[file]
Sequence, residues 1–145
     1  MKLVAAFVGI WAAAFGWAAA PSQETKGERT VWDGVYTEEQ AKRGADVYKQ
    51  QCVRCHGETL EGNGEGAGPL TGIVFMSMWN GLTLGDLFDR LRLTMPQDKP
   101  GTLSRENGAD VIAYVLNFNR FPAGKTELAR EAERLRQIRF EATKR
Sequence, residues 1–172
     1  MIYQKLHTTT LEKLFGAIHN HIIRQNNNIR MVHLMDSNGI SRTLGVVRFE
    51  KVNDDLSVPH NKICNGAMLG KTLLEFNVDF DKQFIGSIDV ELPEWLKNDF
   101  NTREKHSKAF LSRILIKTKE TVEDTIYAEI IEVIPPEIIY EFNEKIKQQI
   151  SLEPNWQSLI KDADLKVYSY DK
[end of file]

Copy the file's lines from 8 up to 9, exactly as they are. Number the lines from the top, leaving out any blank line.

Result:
   101  NTREKHSKAF LSRILIKTKE TVEDTIYAEI IEVIPPEIIY EFNEKIKQQI
   151  SLEPNWQSLI KDADLKVYSY DK